As an avid player of Legendary, I wasn't all that interested when Fantasy Flight Games announced that they would be publishing Marvel Champions, the latest in their line of Living Card Games that has included Call of Cthulhu and Lord of the Rings. As it is I feel like I've barely scratched the surface of the available content for Legendary, so why would I need more than one Marvel super hero card game? And besides, I really don't have time for another game where you have to build decks.
However, as I started to find out more about the game, I got more interested. It looked like the structure would be similar to FFG's Lord of the Rings: the Card Game, but refined and streamlined, and the deck building could be reduced to simply choosing a hero and what the game calls an "aspect," a theme such as aggression, protection, leadership, or justice. I was intrigued enough to give it a try.
The game's similarities to Lord of the Rings are very apparent, with the focus on narrative and the primary player decision being whether to spend your turn fighting adversaries or progressing the story (in this case, thwarting the main villain's evil scheme). It's cooperative, with each player taking on the role of a hero and teaming up to foil one of a variety of villains whose actions are controlled by the game. The cards are divided into allies & support cards that stay in play and events that have a one-time effect, and there's even one card, Nick Fury, that is clearly a direct translation of the Gandalf card from Lord of the Rings.
Despite the similarities, however, Marvel Champions has enough unique elements to make it more than a simple re-skin. The game uses an ingenious system to reflect the classic "secret identity" trope: your deck is built around a single character with a double-sided card: hero on one side, and civilian identity on the other. Many cards will only work with one side or the other, with attacks and other proactive actions associated with the hero side, and recovery and support actions with the civilian side. The way the villains behave also depends on which identity is active -- if you're in heroic mode they'll attack you, but if you're hiding out in your civvies they'll work on progressing their evil scheme, which if completed will cause the heroes to lose the game.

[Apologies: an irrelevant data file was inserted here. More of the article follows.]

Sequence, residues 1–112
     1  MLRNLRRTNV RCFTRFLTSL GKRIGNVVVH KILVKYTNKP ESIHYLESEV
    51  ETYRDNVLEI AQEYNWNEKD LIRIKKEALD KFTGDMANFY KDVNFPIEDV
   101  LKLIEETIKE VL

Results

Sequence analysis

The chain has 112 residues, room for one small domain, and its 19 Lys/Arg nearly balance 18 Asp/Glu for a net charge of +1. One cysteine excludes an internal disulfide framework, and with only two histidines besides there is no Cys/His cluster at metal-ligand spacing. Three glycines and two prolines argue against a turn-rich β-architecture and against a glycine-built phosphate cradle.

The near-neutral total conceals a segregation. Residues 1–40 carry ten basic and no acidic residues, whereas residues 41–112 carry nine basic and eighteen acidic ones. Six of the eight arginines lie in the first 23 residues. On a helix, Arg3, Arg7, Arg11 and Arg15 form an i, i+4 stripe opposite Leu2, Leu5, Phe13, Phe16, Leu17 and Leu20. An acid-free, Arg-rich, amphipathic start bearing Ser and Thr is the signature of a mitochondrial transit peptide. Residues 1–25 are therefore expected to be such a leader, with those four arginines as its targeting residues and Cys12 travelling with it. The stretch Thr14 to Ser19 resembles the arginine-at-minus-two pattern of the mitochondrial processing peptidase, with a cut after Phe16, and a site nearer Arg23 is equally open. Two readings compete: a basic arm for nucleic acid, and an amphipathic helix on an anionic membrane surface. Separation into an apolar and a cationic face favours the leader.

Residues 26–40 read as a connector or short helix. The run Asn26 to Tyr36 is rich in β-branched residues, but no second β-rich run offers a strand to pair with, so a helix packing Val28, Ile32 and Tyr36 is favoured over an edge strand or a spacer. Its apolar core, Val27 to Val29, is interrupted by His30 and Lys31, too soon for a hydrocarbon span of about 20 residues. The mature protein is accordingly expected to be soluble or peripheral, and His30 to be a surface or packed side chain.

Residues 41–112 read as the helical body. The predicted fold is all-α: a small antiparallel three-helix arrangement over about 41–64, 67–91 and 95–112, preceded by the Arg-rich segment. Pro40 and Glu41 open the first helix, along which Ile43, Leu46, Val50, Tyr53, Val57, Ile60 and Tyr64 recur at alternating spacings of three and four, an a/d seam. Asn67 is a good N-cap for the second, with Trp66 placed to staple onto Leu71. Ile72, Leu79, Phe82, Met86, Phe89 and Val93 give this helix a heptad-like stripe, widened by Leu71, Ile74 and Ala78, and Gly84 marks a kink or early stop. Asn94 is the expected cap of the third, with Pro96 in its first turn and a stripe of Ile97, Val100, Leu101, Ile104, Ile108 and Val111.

In addition to the main villain and his assorted thugs, each hero brings their own set of cards representing their arch-enemy and personal obligations, which may be shuffled into the villain deck at various points during the game, which really adds to the sense of story.
So how is it different from Legendary? Well, apart from being a somewhat different style of game (Legendary is a deck building game where players build a deck during the game, while in Marvel Champions players begin the game with a deck representing their chosen hero), the sense of story is more developed and personalized in Marvel Champions. In Legendary, players choose five heroes at the start of the game, and then spend the game buying cards associated with those heroes, looking for useful combinations of cards but not necessarily focusing on a single character -- the sense is that the players are unseen tacticians guiding the action. In Marvel Champions, you are playing as a particular character such as Spider-Man or Captain Marvel, using their unique allies and abilities to foil the villain. I enjoy both games for different reasons, and don't see a reason to choose one or the other.
Rating: 5 (out of 5) a unique and compelling game that plays well right out of the box but also supports a level of expansion and customization that should keep most collectible card game players happy.